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Paul Kirtley

Hi Ian,

It’s always better to be safe than sorry but it is a balance. Gore-tex bivvy is an improvement in breathability on the classic orange survival bag.

Do you use a particularly lightweight model?

Warm regards,

Paul

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James Gohl

This is my second comment; so again, thank you for this video Paul.
About waterproof trousers, i don’t care for them either. As an alternative, may I suggest a “skirt”.
It’s easy to make from a trash liner or tarp and, tucked in under a belt, will keep one dry with plenty of ventilation. It’s also lighter and more compact than trousers so more Packable.
One question: how many liters will the pack you have carry?

Thanks again
Jim

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Paul Kirtley

Hi Jim,

Just catching up with messages. I like the idea of the “trash kilt” ;)

When in the woods I like a longer waterproof jacket in the New Zealand style. This has a similar effect to the skirt idea you mention – keeping groin, trouser pockets and upper thighs dry.

The trash bag improvisation is a good one to keep in mind though. I’ll store it somewhere in the braincell….

The daypack in this video will squeeze in 35 litres but is more comfortable as a 30-litre bag.

Warm regards,

Paul

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James Gohl

Tell me more about your Newzealand style jacket, please.

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Paul Kirtley
Niccolò

I have seen this skirt system in a couple of youtube videos, and i want to make my own version, using some sort of waterproof fabric (not GoreTex or any other membrane, they are just too expensive and hard to find)..
I am thinking about savaging an old poncho, do you have any idea?

Cheers,

Niccolò

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James Gohl

Niccolo,

In the States you can buy a material usually used on houses: TYVEK. Light, waterproof, breathable and cheap, but the only color I’ve found is white.

Jim

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Niccolò

Hi James,
In italy tyvek is impossible to find, there are some similar materials but you can only buy large amounts (like 50 square metres rolls only), and to be honest i am scared about its toughness, although i see lots of people using it as a ground cloth to keep their sleeping kit nice and dry.
I think i will stick to the poncho idea, i just need to find an old one to cut :)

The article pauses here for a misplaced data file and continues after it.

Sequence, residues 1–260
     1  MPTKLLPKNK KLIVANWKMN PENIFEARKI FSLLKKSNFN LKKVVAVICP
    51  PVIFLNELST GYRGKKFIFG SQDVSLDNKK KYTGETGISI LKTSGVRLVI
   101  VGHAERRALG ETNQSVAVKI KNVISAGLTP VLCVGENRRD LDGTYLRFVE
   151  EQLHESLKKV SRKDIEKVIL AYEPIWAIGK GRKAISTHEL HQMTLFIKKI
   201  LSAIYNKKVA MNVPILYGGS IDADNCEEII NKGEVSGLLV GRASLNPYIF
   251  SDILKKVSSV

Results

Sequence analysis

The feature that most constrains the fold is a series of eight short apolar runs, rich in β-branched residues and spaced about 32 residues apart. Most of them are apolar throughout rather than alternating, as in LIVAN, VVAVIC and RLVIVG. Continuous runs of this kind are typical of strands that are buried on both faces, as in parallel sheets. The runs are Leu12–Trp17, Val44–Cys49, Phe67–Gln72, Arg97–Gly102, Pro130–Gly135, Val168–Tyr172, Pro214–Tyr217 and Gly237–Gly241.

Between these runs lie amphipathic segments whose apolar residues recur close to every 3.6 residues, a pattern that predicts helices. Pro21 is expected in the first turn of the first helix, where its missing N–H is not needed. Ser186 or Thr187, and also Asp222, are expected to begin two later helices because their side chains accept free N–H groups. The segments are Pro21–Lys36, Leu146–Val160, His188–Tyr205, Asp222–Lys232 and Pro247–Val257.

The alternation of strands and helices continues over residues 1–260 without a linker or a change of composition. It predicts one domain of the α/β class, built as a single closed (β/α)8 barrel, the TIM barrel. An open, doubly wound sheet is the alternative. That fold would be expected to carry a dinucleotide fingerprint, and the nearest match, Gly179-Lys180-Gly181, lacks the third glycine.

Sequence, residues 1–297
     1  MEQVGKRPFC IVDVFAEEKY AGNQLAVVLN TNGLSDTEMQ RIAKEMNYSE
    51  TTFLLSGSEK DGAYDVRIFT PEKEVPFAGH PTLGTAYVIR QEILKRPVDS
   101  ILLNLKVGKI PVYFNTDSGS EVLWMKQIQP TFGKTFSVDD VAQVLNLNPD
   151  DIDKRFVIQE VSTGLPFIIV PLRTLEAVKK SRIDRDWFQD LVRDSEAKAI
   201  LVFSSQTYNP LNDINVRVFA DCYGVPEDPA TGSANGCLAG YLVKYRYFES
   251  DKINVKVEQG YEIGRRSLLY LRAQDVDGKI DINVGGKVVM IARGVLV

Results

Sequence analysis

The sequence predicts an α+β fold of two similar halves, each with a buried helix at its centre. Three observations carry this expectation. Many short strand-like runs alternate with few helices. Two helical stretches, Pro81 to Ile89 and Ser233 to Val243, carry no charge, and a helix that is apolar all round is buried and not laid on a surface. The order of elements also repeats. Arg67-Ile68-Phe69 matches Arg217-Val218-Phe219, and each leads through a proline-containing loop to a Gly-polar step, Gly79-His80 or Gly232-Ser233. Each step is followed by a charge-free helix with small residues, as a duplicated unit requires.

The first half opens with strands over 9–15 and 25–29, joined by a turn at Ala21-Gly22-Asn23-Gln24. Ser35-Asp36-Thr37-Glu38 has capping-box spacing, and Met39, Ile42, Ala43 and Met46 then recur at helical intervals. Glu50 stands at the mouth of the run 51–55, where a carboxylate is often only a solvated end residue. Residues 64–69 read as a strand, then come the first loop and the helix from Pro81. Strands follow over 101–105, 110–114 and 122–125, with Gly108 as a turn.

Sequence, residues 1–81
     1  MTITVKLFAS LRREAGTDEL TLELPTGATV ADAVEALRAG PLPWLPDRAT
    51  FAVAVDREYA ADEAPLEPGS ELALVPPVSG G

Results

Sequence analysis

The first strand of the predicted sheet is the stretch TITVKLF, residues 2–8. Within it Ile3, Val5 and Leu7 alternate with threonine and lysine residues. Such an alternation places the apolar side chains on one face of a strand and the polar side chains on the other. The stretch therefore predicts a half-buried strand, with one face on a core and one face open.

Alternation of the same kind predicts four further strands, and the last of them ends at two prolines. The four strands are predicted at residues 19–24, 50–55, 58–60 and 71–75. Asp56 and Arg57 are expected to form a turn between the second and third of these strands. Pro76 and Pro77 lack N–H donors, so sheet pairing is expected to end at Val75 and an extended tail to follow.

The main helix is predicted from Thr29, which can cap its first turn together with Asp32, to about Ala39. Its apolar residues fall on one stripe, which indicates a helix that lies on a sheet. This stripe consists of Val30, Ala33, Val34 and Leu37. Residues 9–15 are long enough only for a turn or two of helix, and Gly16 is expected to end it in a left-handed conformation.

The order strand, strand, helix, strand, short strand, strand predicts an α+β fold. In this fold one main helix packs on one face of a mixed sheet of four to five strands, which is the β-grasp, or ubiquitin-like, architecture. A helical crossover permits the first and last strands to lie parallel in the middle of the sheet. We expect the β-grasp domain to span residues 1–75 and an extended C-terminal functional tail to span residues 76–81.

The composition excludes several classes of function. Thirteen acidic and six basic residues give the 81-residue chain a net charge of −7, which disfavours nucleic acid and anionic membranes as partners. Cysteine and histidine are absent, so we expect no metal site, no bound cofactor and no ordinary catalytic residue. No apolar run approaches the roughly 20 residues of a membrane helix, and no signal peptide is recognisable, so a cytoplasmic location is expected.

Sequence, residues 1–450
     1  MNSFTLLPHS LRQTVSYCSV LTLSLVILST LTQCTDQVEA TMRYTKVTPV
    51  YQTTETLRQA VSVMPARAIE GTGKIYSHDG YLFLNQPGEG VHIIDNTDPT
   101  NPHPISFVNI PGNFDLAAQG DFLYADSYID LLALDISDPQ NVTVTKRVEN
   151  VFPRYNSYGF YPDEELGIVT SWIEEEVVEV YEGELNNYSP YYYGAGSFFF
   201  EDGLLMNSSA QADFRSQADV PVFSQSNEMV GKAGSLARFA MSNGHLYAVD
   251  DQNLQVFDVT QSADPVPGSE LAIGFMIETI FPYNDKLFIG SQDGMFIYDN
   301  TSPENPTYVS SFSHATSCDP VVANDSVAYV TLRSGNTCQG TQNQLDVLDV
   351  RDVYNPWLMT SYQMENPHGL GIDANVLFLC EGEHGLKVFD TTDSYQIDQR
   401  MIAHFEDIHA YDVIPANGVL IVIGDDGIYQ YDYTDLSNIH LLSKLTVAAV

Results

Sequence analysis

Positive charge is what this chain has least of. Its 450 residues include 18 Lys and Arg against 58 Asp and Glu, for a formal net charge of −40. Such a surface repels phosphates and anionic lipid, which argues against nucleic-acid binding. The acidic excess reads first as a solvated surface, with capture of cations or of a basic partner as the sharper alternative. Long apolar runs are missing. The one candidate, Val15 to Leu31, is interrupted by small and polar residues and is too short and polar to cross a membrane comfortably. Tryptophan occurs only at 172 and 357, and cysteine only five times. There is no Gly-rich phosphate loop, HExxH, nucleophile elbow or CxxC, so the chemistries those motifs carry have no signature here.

Thanks for the reply though ;)

Niccolò

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James Gohl

Hi Niccolo,

Contact me: jdgohl@yahoo.com

Jim

Chip N

I have the same day pack you have in this post, but for the life of me can’t seem to find a 40-50L dry bag
BTW what is the brand you are using, thanks again for all your post and reply’s.

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Jon Silver

This is the one I use… It’s tough, very waterproof, and has a white interior making it easier to sight stuff deep in your pack…
EXPED WATERPROOF PACK LINER YELLOW (50L)
Link: http://www.amazon.co.uk/dp/B000MLMOYM

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Paul Kirtley

Hi Jon,

Thanks for sharing. I agree a lighter inner makes finding contents quicker. That’s one of the things I like about the small Exped drybags I use for organising small kits, ditty bags, etc.

Cheers,

Paul

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Alana

again, great vid, especially for those with lingering questions.

i too, bring a saw, but typically end up clearing bush while hiking in my parents valley. i switched to a steel or aluminum bottle for my water and then got rid of the pot. i’ve been trying to minimize redundancy while maximizing functionality, yet still keep that extra pair of wool socks.
i also carry a Bear Banger with multiple bangers and a few flares. we have a surfeit of black bears, and they can get rather aggressive from time to time. along with that, i have at least one carabiner and a decent length of paracord to hang my bag out of reach of bears.
another addition i’ve made to my first aid kit is vet grade clotting powder. it’s much cheaper than the stuff you’ll buy from hiking outfits and works just as well.

instead of rain pants (blech), i went to a hardware store and got a couple of tyvek body suits that keep paint and other stuff off, and broke them both down into a jacket and pants setup. super-light, and i really don’t care if they get trashed if i get stuck out.

Paul, i was wondering how to keep you kit at home. i’ve got a spare wardrobe that has my kit broken down into drawers for kitchen, safety/first aid, water, etc. that way, i just grab what i need, throw it in a pack, and head off.

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henrique lundgren

Thanks for a great article and blog!

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Paul Kirtley

You are very welcome Henrique :-)

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Bart

Hi Paul,
Great video! I notice your light weight and heavy weight fleeces fold up fairly small, compared to jackets and the fleece I own. What brands or materials should I look for? I’m concerned on having too bulky a pack.
How cold will these layers protect against?
Also, what material or brands do you recommend for pants.
Thanks,
Bart

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david kirk

Hi. Just joined your page this morning.
Brief history. Im a ex soldier of 12 yrs. Been on numerous survival courses and Escape and Evasion.
I left the army in 1991 and occasionally go on a day hike. I certainly would like to get away again and do the same again and to prove to myself as I did these years ago.